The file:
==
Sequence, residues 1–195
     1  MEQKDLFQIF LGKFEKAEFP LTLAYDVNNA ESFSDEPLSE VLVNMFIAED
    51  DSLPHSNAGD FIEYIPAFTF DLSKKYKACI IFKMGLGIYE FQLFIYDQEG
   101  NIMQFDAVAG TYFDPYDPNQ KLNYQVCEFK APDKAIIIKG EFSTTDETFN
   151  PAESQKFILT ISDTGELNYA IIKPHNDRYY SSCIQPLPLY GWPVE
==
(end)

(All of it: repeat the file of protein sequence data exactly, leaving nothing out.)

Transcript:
Sequence, residues 1–195
     1  MEQKDLFQIF LGKFEKAEFP LTLAYDVNNA ESFSDEPLSE VLVNMFIAED
    51  DSLPHSNAGD FIEYIPAFTF DLSKKYKACI IFKMGLGIYE FQLFIYDQEG
   101  NIMQFDAVAG TYFDPYDPNQ KLNYQVCEFK APDKAIIIKG EFSTTDETFN
   151  PAESQKFILT ISDTGELNYA IIKPHNDRYY SSCIQPLPLY GWPVE